10 Frugal Things I Learned From My Parents That I Still Do Today
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The unusual mindset of many rich people...and why you might want to adopt it.
Don't have an account? Sign Up. First Name. Last Name. Confirm Email. Confirm Password. Yes, I want to receive the Entrepreneur newsletter. Are you sure you want to logout? That was enough to buy me simple things like a cheeseburger or a book. I knew if I wanted more, I would need to make more money. My parents always told me that I should never put myself in the same stressful life situation they have, where every day is a financial worry. I ended up upgrading jobs quickly as the years passed, all the way to today, where I blog full time for a living.
My parents definitely pushed me to work hard towards achieving more. I was able to turn my passion for writing and helping others into a full time business. Frugality, like anything else worthwhile in life, takes hard work to achieve. Frugality takes practice, mental discipline, and a lot of learning during your journey to better financial habits.
You will learn so much about yourself along the way, and very likely developing a whole host of other good habits too. And the potential stresses and challenges of a frugal lifestyle become a lot less when you have the financial ability to rebound from it! Growing up with next to nothing, it was really easy being a minimalist, seeing that it was my only choice. This lasted a few years until it dawned on me that I was just as happy with these things as I was when I was a poor child.
Giving up that life and getting back to living simply was an incredible decision for me and my health. I started to save a lot more money and began enjoying life more because life is more manageable when you keep it simple — at least it was for me. My room has next to nothing inside it — just the essentials. And I drove the same vehicle for 15 years until it was no longer useable.
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I highly recommend moving towards a more minimal way of living. However you may also find out just how amazing living with little more than the essentials is for the ease and simplicity it brings.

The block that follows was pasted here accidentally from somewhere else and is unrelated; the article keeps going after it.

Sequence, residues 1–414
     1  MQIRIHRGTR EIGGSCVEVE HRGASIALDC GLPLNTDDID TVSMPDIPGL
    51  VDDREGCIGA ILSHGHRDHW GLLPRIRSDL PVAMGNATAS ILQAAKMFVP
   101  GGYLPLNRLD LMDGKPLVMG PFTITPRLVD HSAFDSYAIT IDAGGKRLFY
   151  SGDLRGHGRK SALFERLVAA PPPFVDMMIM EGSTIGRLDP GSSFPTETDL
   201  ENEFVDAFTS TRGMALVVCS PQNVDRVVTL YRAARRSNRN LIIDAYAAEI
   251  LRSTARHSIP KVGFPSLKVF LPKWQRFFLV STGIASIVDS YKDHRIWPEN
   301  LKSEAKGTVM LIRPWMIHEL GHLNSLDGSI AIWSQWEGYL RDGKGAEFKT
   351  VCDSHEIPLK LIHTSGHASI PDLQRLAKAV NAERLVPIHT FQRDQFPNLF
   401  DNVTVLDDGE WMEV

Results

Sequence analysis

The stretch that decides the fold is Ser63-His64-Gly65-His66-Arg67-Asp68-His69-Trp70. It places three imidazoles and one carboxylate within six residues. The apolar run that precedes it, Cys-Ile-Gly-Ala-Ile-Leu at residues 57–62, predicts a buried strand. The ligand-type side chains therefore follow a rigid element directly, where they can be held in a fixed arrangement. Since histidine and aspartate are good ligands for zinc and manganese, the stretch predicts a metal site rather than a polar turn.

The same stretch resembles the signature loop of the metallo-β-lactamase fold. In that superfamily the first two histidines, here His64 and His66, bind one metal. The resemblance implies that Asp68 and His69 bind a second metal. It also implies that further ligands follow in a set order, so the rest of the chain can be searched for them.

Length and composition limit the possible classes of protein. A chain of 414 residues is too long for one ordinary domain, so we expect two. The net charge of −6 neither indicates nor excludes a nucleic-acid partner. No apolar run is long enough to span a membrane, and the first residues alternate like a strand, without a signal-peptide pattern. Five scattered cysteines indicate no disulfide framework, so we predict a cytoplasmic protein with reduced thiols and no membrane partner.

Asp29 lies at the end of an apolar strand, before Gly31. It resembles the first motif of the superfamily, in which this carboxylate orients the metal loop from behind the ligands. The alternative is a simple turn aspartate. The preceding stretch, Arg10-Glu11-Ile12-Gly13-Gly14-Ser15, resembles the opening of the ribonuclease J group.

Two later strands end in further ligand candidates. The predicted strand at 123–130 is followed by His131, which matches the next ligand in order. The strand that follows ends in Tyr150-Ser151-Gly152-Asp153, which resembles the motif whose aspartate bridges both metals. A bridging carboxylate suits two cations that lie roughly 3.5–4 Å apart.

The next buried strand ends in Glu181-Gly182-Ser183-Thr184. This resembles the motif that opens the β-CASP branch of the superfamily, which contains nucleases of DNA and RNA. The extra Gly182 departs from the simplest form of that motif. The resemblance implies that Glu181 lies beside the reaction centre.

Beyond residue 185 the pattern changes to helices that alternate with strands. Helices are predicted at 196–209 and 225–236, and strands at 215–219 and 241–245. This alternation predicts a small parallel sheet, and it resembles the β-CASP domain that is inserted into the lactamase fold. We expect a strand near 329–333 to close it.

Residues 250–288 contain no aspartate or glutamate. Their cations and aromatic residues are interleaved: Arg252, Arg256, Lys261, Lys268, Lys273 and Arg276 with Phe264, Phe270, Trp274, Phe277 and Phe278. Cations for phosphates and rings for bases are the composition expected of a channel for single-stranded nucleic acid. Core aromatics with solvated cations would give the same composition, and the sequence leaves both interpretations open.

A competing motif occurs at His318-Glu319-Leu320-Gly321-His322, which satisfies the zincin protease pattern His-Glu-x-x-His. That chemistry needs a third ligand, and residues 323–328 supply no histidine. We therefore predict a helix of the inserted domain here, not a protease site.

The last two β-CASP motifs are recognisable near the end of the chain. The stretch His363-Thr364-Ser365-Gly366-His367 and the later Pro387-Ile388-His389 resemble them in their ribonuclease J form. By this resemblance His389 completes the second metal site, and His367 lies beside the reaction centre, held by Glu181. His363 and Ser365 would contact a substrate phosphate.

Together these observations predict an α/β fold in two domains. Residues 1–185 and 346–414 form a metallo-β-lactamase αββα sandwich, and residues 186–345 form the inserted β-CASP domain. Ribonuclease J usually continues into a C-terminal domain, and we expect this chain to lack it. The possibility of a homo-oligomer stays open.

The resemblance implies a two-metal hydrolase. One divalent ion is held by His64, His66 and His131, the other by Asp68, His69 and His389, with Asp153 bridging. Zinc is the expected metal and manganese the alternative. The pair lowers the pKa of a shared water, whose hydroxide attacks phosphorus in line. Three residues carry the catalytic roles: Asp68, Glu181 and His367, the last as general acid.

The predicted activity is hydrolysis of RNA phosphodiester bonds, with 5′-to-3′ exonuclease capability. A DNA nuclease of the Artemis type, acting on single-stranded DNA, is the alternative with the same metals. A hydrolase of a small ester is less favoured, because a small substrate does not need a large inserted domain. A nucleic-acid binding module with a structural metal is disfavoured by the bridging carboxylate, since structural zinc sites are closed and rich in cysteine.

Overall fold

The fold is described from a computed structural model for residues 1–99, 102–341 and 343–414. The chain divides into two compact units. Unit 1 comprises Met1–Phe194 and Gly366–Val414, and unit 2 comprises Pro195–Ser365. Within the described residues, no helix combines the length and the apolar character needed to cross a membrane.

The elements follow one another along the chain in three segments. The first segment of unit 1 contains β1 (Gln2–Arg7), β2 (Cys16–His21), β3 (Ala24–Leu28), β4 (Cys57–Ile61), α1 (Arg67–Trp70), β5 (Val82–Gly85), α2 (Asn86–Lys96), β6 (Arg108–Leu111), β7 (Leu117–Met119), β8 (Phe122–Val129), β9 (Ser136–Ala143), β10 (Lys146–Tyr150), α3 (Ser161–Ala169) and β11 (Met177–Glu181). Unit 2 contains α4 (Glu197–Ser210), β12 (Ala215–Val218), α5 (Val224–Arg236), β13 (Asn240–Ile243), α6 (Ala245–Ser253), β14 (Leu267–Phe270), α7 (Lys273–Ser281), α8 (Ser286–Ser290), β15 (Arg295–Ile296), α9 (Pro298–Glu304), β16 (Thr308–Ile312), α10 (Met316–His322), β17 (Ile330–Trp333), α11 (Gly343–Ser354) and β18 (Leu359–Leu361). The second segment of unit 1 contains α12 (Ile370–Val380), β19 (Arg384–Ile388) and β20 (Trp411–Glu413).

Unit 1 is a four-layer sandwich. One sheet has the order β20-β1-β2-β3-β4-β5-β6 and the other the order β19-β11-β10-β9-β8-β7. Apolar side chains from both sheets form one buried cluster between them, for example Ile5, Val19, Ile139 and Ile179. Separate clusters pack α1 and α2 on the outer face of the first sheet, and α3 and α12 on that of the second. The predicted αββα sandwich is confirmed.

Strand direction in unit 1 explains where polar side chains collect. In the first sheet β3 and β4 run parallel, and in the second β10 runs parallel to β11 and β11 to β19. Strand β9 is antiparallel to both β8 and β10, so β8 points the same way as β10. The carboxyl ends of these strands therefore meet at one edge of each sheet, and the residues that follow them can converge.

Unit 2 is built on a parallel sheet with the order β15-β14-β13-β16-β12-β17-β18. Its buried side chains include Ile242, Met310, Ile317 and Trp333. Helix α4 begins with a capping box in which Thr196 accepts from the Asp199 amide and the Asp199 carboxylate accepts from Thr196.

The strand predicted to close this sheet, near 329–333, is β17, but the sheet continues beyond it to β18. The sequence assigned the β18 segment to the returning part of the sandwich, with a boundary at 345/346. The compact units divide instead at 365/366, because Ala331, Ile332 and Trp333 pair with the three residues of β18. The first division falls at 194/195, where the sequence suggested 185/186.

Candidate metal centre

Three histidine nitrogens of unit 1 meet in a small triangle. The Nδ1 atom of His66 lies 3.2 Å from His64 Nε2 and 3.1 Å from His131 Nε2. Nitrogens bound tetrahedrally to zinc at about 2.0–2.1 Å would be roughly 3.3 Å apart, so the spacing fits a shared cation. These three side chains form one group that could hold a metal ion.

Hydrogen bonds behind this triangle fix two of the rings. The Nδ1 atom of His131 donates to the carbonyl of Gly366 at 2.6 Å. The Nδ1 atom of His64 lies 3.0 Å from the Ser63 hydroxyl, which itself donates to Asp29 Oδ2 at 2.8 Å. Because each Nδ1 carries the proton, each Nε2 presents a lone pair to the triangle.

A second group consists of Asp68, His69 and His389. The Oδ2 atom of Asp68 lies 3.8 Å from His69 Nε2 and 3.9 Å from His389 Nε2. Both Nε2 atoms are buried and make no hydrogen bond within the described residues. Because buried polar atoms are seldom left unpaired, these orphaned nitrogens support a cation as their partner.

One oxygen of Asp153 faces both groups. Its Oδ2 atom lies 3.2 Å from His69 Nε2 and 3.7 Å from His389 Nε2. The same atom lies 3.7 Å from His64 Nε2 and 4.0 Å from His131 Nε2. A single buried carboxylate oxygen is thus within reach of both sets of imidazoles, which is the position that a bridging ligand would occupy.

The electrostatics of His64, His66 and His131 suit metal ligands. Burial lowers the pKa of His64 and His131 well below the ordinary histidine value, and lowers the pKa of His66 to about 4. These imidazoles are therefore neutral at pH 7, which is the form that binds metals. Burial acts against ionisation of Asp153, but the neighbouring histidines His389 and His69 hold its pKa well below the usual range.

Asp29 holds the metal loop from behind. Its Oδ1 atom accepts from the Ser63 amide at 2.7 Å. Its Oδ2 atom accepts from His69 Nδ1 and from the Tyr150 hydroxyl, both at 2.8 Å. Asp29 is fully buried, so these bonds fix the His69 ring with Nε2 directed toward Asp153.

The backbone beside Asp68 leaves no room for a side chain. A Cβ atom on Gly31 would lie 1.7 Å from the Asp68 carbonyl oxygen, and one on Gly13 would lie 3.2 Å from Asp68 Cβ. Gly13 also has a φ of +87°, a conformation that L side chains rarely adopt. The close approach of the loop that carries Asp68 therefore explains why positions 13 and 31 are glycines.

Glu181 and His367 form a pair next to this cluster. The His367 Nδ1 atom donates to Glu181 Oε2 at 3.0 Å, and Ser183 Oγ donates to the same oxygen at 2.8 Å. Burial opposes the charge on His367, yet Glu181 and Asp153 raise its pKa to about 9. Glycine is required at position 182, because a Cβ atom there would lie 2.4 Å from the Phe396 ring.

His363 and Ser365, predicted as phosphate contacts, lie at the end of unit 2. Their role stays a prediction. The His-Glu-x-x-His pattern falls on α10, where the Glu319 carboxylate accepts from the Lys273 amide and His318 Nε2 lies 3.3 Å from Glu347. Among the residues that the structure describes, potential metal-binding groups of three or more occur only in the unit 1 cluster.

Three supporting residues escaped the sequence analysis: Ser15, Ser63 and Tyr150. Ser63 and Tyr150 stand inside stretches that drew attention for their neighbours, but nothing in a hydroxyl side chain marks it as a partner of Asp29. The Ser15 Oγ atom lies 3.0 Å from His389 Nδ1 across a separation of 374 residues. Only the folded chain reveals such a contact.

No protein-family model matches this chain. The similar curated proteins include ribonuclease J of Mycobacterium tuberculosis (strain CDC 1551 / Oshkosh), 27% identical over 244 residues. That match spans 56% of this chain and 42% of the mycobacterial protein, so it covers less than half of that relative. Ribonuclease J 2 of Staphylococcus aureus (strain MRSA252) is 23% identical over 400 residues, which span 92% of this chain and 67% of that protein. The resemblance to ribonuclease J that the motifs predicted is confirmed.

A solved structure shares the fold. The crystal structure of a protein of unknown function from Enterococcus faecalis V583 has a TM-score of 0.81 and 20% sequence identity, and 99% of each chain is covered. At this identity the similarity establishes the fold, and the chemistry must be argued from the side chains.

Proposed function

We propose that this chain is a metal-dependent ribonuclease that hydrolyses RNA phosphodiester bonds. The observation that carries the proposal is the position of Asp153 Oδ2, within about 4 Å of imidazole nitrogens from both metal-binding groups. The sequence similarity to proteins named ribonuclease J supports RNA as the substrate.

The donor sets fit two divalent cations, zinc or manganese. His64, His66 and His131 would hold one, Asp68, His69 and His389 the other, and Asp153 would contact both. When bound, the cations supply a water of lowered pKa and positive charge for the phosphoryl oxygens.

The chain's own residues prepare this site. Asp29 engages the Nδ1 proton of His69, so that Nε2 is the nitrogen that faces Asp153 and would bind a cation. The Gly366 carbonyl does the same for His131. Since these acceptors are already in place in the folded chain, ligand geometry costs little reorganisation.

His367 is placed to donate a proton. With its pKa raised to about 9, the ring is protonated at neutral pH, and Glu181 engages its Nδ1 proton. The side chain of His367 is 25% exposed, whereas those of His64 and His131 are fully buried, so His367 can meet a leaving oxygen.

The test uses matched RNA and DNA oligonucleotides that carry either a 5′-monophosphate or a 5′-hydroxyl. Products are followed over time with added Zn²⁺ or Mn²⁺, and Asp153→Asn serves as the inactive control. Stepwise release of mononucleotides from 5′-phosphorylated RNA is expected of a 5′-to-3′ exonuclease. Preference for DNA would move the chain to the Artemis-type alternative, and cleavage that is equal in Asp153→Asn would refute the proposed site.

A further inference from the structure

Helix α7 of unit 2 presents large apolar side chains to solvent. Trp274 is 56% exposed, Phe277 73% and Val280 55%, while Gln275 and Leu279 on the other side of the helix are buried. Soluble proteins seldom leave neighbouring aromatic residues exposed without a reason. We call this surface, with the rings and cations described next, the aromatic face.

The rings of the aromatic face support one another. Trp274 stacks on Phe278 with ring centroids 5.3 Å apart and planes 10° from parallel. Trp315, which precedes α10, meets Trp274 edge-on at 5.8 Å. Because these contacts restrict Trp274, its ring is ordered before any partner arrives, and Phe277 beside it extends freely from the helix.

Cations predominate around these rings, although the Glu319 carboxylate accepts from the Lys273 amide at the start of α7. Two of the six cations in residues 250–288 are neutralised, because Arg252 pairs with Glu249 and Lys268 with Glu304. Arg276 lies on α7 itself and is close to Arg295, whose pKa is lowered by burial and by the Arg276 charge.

My parents used to feed me the same low costs foods every day. This way of eating was out of necessity. It was an incredibly rare experience to have something like McDonalds. I used to listen to a lot of Dave Ramsey podcasts. People would call into his show asking for help on getting out of debt. His answer was always the same. Beans and rice.
Rice and beans. You may not need to be that extreme if you are in good financial shape. These are really simple to make foods that will make an enormous difference in your bank account. This is a great place to start on your journey to frugalville. My parents never wasted a dollar on anything.
In fact, my mom used to pick pennies off the ground. She would get incredibly excited if someone left a quarter in the shopping cart. I remember sitting in the cafeteria at lunchtime desperately wanting to buy a plate of fries in high school. I could definitely afford it. But I knew it was not the best use of my money, despite my tummy disagreeing. I often find myself picking something off the shelf, inspecting it, and putting it right back after carefully considering it.
I almost never really need it. Have you heard of a no spend month? You can learn how to do that here.
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It always blows my mind how little thought people put into decisions that cost thousands of dollars. I had a friend take out a loan for a vacation a while back. My parents were the same. Besides their mortgage, everything they ever bought was with cash. If you don't believe that, just listen to the nightly news for all the tales of woe created by decades of excess spending.
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